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Why impact investors are turning to gender lens investing

Gender lens investing helps not only women but also the global community, as gender equality would lead to a larger global economy. Women also tend to give back to their local communities through local charities and child-rearing. Gender lens investing works for investors, too, as it yields a high financial return for those who incorporate it into their investment strategies.

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This picture show a woman in front of a mirror.

Whether it’s a protest, a rally or an activism campaign, women’s rights are making headlines — and investors are taking note. Now, many are incorporating gender lens investing into their investment strategy.

Gender lens investing is an investment thesis that aims to transform the idea of an investment’s benefit to women into a practical, successful strategy. It integrates gender-based research and data into investment decisions with the goal of increasing financial return and driving gender equality.

This may look like investing in women-owned or led enterprises or ones that offer women’s products or investing in enterprises that promote workplace equality. Gender lens investment strategies may also include different approaches like creating vision or missions to address gender issues, a more inclusive workplace or gender-equitable management of performance.

Why invest in women?

Roughly one-third of investors explicitly target gender inequality as an impact theme and, on a global scale, private equity funds who use gender lens investing are deploying about $1.3 billion in capital.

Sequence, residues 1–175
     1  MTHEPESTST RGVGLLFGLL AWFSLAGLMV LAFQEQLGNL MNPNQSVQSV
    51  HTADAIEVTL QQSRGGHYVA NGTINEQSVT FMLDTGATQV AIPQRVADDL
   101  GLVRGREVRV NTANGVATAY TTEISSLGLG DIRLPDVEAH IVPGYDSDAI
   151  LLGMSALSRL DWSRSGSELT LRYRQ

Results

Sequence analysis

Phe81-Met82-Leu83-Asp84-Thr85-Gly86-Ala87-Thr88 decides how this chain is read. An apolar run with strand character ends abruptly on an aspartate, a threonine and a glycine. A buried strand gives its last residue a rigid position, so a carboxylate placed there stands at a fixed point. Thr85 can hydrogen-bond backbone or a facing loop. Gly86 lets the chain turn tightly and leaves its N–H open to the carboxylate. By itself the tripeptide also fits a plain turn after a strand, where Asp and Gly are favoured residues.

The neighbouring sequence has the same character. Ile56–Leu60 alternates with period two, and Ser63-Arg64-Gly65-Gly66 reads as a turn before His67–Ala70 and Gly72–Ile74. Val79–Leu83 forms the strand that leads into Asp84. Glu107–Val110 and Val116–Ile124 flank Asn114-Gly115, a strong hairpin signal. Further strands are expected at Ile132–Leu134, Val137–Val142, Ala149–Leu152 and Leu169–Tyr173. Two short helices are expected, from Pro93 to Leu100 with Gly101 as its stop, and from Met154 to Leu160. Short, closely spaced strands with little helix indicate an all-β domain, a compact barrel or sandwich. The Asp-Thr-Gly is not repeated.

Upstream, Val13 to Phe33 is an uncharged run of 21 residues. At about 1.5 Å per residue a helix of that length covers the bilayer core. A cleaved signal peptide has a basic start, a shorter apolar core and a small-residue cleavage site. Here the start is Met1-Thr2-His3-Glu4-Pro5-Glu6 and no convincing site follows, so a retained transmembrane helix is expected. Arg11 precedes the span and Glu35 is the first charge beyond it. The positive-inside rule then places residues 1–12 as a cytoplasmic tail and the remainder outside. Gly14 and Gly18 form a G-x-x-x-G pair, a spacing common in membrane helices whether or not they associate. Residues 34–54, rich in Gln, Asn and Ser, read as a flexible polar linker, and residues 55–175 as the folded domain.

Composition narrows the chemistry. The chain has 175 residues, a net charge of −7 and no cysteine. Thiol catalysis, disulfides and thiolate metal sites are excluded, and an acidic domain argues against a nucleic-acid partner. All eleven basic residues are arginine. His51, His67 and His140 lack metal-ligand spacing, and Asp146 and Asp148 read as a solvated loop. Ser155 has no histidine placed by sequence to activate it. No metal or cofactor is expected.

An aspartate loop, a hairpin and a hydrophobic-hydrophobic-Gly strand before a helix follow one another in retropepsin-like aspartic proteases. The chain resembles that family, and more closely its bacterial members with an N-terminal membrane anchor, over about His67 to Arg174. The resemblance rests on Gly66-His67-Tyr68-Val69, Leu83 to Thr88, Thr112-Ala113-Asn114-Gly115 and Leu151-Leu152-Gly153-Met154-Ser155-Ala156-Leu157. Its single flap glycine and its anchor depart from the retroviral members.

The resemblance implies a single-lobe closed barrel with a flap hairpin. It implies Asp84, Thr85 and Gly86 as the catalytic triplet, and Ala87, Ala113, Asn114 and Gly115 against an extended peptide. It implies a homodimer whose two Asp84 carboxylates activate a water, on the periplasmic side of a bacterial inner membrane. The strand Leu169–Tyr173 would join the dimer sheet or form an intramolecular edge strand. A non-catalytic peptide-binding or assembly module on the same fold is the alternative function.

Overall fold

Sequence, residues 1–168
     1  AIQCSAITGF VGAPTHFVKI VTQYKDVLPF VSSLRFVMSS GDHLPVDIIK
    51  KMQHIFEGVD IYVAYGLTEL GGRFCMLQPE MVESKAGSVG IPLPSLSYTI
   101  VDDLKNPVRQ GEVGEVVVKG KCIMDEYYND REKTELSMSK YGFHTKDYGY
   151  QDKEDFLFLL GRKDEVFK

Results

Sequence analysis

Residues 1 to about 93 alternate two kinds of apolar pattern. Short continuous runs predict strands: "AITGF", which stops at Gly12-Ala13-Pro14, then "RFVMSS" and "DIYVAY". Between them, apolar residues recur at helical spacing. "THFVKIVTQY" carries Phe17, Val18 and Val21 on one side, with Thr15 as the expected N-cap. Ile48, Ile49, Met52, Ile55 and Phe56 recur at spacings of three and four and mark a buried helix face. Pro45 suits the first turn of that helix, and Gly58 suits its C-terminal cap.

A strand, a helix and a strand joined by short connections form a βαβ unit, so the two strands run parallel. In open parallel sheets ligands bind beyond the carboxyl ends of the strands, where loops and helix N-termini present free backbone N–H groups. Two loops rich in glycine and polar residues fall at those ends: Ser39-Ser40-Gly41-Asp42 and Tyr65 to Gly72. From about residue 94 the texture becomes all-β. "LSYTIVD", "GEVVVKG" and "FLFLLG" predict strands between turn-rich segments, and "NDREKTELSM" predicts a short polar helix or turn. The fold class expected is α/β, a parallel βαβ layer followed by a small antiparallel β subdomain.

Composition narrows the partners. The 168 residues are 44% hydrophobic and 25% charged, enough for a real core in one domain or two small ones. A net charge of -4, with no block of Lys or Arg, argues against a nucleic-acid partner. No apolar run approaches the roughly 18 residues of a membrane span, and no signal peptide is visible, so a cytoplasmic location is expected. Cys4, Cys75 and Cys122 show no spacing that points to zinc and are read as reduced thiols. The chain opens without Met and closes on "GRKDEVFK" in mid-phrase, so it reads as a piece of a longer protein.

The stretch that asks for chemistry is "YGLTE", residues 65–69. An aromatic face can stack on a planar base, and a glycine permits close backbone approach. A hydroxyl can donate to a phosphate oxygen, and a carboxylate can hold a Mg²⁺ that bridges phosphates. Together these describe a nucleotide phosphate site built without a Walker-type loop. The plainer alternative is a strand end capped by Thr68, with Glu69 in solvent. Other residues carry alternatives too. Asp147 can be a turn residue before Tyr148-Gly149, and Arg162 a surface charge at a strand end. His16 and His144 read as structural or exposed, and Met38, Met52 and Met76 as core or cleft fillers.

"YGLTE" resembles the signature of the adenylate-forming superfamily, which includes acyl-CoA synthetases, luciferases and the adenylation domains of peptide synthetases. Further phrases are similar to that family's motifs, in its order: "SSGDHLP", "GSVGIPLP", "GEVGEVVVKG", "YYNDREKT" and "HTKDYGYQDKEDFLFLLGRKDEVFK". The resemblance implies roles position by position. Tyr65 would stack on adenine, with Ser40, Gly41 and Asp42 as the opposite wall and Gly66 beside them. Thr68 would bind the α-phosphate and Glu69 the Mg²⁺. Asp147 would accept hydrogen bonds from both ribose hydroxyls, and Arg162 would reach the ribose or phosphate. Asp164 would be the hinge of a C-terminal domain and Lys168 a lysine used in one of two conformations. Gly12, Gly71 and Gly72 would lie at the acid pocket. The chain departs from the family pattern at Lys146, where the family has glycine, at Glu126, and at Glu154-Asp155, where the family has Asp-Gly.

Not to mention, companies who use this approach also benefit from better decision-making by a more diverse group of directors that include a larger representation of women.

Obviously, gender lens investing is working — yielding a high financial return for those who incorporate it into their investment strategies. And more investors are moving to adopt this profitable strategy.

But this approach is benefiting more than just the companies that utilize it. Through gender lens investing, more jobs are being created for women, their opinions are valued, and they receive better feminine products and care.

This, ultimately, is what fuels gender equality. It lays the foundation for women to have a louder voice in politics, business and the economy while supporting all human rights.

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Sure, focusing on women helps women, but it also helps the global community. In fact, if women are employed at the same rate, in the same roles, with the same pay as men, the global economy could be between $12 trillion and $28 trillion larger by 2025.

This incredible increase could be due in part to the fact that, when women have financial control, they tend to put their money back into their community through local charities and child-rearing.

The future of gender lens investing

Moving forward, the quality and quantity of gender-related data will continue to expand, giving investors a new lens with which to view gender-related, in relation to making investment, decisions. And, if governments and societies retain focus on gender equality and women’s rights, gender lens investment initiatives will continue to proliferate.

At the current rate, it will be 108 years before the gender gap closes completely. Yet ending gender parity is vital if counties want to be able to compete in the future.

Investors, stakeholders and social leaders have the power to hasten this process if they choose to take bold action. And, those that act now will surely reap the benefits. Because investing in women is good for fiduciary return, diversification, economic growth and every human — children, adults and people of all genders.

(Featured image by Sharon McCutcheon via Unsplash)

DISCLAIMER: This article was written by a third party contributor and does not reflect the opinion of Born2Invest, its management, staff or its associates. Please review our disclaimer for more information.

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Kayla Matthews is a technology blogger who regularly contributes to Inc.com, MakeUseOf and The Gadget Flow. Follow Kayla on Twitter or check out her technology blog, Productivity Bytes.